• Connect with us on Linkedin

The New Heart of Mexico's Violence: Torreon

Christ statue in Torreon, Mexico Christ statue in Torreon, Mexico

A new article examines the dilemmas stemming from the recent increase in violence in Torreon, a northern Mexico city emblematic of the nation's struggles.

Linkedin
Google +

As reported by Reuters, Torreon, once a beacon of peace and development in Mexico's blood-soiled north, is now second only to Acapulco in its annual murder rate. The metropolitan region known as La Laguna -- which spans Torreon and Matamoros in the state of Coahuila, as well as Gomez Palacio and Lerdo in Durango -- suffered 830 murders through the first nine months of 2012, according to newspaper reports. Torreon, the largest of the cities in La Laguna, had been the site of 606 murders this year as of October 10.

[See InSight Crime's coverage of Mexico]

The reason for the increase in violence is simple: the arrival of the Zetas in 2007, after years of the local drug trade having been controlled by more subdued capos from Sinaloa. As detailed in "Cronicas de Sangre," by Ricardo Ravelo, and numerous other sources, upon their arrival, the Zetas attacked the Sinaloa-backed boss who had controlled the region, and embarked on a campaign of intimidation of local business and political leaders. The intervening years have brought to the region some of the worst manifestations of Mexican criminal violence: decapitations, mass killings, attacks on government officials, and accusations of police infiltration.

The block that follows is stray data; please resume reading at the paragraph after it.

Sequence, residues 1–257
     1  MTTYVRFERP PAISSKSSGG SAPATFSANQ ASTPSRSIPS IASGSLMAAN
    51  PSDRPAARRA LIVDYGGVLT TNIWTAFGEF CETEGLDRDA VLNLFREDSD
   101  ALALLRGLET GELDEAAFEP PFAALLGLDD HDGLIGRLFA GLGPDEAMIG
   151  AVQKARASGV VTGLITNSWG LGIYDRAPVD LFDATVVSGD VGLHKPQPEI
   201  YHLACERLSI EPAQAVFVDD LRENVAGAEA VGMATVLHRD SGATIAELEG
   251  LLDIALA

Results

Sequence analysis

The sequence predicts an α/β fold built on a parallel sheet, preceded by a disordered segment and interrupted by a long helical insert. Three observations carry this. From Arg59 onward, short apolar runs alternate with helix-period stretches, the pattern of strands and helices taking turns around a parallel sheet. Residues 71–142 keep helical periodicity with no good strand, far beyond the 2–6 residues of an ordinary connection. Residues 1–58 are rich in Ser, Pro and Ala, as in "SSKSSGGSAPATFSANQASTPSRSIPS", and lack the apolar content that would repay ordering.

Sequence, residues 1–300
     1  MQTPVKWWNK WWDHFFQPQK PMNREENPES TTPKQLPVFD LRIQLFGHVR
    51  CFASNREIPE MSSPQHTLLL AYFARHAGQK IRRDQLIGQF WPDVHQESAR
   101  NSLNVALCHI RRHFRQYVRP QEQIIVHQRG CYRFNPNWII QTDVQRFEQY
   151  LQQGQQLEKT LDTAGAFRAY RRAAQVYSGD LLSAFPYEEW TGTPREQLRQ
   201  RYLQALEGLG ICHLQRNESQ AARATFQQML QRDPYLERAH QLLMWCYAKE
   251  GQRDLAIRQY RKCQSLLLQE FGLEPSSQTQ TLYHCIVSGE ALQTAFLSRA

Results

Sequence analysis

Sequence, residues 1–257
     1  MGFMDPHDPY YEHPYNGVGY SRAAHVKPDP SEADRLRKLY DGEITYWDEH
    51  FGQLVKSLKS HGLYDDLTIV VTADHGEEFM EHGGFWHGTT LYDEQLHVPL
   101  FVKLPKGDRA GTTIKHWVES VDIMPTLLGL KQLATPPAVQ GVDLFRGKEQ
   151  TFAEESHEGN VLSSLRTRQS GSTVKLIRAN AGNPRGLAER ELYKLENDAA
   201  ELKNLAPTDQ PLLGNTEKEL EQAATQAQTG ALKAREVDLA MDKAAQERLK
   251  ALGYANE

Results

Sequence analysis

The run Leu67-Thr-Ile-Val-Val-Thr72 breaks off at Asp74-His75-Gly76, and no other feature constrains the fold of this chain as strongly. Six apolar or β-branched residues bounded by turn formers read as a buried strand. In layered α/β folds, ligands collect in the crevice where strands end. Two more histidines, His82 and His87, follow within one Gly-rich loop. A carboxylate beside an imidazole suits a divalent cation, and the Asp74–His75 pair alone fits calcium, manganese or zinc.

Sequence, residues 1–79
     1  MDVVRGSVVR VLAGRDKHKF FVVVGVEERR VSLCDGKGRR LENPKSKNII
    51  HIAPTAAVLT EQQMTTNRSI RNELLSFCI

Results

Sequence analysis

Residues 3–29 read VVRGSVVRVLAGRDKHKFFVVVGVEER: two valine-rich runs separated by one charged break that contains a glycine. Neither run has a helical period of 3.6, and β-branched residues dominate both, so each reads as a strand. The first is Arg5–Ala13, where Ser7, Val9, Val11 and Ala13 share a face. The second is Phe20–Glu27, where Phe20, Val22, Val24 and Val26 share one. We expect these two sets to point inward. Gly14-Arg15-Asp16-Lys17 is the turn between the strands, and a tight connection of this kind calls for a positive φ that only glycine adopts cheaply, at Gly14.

[See InSight Crime's Zetas Profile]

As a result of the Zetas operations in Torreon, crimes like extortion, kidnapping, and carjacking also skyrocketed, as the new gang used activities beyond drug trafficking to supplement their income. Furthermore, the local rivals of the Zetas did not disappear from the scene. For the most part, they merely retrenched on the other side of the dried riverbed of the Rio Nazas, in neighboring Gomez Palacio. The existence of two rival territories bordering one another inevitably served as a motor of violent activities.

The Reuters piece describes the current situation as one in which the election in 2010 of Eduardo Olmos, a mayor bent on attacking the Zetas, has served as the primary driver of Torreon's violence. What's more, the sudden spike in violence has boosted support for a "pact" with the criminals.

The idea of a pact is a significant oversimplification and is largely contradicted by the reporting within in the piece. The most obvious issue is that no one quoted in the piece voices support for a pact with the narcos. The article has quotes from politicians and businessmen musing on the potential of a narco-pact, and cites an unspecified poll from Chihuahua in favor of such a truce. However, with one partial exception, no one quoted in the article, much less a representative sample of the population, advocated a truce. As the author points out, large majorities have rejected a truce time and again across Mexico. Modern Torreon seems to be no different, despite its unusually high levels of violence.